Another essential component of blood pressure management is to get it checked by your provider at least once a year. Also, consult your doctor about how frequently you should check your blood pressure to see if it is controlled. 

13. Eat Berries

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Berries have a flavor that goes beyond being juicy. They also include a wealth of naturally occurring plant compounds called polyphenols, which are heart-healthy. Polyphenols help lower blood pressure, insulin resistance, and systemic inflammation while lowering the risk of diabetes, heart disease, and stroke.

Berries and diets high in polyphenols are easy and effective ways to support your heart and overall health.

14. Consume More Potassium

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Potassium is a vital mineral that helps regulate various body functions. Increasing potassium intake lowers blood pressure levels, especially in hypertension patients. 

Add potassium-rich foods to your diet, including bananas, leafy greens, avocados, and beans. Consuming 4700 mg of potassium daily is recommended to help maintain bodily functions effectively. Too much potassium can also be a problem, so talk to your doctor about any dietary changes first.

15. Manage Your Stress Levels

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One of the leading causes of high blood pressure is stress. Chronic stress puts your body in a fight-or-flight mode all the time. It also releases stress hormones that lead to narrowed blood arteries and an increased heart rate.

Stress may also increase your likelihood of adopting behaviors like alcohol consumption and processed food consumption, which can raise blood pressure.

Adopt stress management techniques such as yoga, journaling, spending time in nature or with loved ones, etc. Experiment and see what works best for you. 

16. Consume Dark Chocolate

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This is everyone’s favorite prescription to lower blood pressure. Studies suggest that dark chocolate significantly reduces blood pressure. This is because cocoa in dark chocolate is rich in flavonoids, which are plant-based chemicals that stimulate blood vessels to widen, thereby reducing blood pressure.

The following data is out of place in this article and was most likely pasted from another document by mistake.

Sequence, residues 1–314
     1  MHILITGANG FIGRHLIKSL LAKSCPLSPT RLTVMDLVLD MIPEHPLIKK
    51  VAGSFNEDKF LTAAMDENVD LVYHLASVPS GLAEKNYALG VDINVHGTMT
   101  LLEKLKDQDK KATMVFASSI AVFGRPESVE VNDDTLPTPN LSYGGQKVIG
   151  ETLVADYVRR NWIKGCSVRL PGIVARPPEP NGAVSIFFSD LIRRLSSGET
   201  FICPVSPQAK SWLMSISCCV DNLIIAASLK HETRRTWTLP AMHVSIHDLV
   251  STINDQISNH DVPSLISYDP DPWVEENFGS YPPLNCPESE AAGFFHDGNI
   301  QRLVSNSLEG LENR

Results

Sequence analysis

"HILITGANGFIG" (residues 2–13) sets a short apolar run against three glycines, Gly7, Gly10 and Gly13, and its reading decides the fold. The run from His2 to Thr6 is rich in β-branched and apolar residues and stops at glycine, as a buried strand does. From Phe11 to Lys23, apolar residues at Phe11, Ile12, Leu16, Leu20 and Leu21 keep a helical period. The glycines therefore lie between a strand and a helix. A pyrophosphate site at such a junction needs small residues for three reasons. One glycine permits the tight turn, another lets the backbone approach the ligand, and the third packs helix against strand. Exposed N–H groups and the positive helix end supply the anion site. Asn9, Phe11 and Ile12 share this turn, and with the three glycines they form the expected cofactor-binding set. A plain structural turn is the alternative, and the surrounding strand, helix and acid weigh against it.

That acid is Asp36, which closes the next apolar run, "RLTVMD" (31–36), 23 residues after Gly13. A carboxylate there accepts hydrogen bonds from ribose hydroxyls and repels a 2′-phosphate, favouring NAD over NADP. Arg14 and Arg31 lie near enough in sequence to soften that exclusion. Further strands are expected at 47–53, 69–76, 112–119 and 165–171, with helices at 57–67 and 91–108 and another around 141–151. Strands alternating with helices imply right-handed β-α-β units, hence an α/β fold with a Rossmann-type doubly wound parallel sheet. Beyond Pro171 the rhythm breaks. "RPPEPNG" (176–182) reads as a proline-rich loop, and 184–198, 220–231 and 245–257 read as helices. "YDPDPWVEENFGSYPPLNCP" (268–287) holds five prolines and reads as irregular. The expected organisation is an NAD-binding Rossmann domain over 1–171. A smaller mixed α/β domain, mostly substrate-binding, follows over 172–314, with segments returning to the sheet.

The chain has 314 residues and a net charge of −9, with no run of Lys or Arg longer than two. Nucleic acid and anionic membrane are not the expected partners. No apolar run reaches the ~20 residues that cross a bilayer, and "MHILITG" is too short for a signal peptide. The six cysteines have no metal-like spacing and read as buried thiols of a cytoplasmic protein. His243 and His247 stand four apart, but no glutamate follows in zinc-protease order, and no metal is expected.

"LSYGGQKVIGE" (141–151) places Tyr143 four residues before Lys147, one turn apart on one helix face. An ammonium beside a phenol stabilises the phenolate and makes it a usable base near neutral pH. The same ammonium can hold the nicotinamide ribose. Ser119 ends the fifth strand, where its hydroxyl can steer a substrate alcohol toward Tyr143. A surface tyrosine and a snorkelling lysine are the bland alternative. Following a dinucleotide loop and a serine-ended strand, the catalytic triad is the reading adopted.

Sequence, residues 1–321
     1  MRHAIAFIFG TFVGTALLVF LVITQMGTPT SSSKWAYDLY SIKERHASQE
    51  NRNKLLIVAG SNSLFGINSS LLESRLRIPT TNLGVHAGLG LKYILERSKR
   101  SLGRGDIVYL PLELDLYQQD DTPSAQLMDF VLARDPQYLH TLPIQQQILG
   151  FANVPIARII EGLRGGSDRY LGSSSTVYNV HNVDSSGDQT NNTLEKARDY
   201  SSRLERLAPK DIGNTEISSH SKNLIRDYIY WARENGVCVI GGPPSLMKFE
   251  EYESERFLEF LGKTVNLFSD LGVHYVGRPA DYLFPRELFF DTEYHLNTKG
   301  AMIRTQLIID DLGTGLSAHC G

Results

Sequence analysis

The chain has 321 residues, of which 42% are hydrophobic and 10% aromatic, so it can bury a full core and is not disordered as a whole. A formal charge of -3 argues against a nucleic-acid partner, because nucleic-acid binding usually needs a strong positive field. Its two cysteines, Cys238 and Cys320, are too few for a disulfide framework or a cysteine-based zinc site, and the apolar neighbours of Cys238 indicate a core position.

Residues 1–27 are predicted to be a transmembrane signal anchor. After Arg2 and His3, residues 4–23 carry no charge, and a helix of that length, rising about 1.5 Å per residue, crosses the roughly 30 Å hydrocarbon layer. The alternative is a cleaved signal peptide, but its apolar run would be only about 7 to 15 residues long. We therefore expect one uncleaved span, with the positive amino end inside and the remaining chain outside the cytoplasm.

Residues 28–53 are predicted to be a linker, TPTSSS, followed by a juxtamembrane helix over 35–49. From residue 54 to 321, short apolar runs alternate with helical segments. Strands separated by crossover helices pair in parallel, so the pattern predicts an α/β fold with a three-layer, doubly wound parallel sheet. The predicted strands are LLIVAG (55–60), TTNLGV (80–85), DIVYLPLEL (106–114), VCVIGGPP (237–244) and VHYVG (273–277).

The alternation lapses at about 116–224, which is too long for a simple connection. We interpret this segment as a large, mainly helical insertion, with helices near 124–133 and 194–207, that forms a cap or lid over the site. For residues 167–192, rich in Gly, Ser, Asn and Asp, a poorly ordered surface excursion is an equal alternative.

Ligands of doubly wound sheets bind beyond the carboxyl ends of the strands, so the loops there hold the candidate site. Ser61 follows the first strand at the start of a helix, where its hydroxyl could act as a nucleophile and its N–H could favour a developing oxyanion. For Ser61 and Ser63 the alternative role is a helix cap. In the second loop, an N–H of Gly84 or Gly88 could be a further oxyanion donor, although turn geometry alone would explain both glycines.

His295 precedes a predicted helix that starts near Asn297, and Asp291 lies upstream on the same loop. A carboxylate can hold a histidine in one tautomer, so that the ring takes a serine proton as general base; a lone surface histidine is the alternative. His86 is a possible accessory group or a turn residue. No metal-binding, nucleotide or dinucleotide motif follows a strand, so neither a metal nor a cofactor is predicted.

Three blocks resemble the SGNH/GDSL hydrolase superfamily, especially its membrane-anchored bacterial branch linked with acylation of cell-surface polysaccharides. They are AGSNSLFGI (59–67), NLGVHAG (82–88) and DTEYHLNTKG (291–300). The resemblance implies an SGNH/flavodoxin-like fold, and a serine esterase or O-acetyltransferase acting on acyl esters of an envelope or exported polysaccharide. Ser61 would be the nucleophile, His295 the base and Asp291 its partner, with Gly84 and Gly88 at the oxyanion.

However, chocolate with added sugars and fats might not be beneficial. Look for dark chocolate that is at least 70% or more.

17. Limit Alcohol Consumption

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Excessive drinking is a well-established reason for hypertension, which further leads to other cardiovascular issues. While one to two drinks for men and one for women is recommended as a moderate intake, if you want to keep your BP levels in check, think about cutting back on alcohol or ditching it altogether. 

If you are still determining how much is safe for you, it is a great idea to talk to a healthcare provider. 

18. Seek Support

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A supportive network of friends and family is crucial for overall health. To help you maintain low blood pressure, they might start an exercise regimen with you, drive you to the care provider’s office, or encourage you to take care of yourself.

Consider joining a support group if you discover that you require assistance from sources other than your friends and family. This could connect you with people who can support you emotionally or morally and provide helpful advice on managing your condition.

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Inflammation is the body’s natural defense mechanism, protecting itself against threats like infections and injuries. However, the prolonged presence of chronic inflammation can become a significant concern, potentially leading to various health issues such as diabetes and cardiovascular diseases. What might surprise you is the substantial impact your dietary choices can have, either worsening or alleviating inflammation.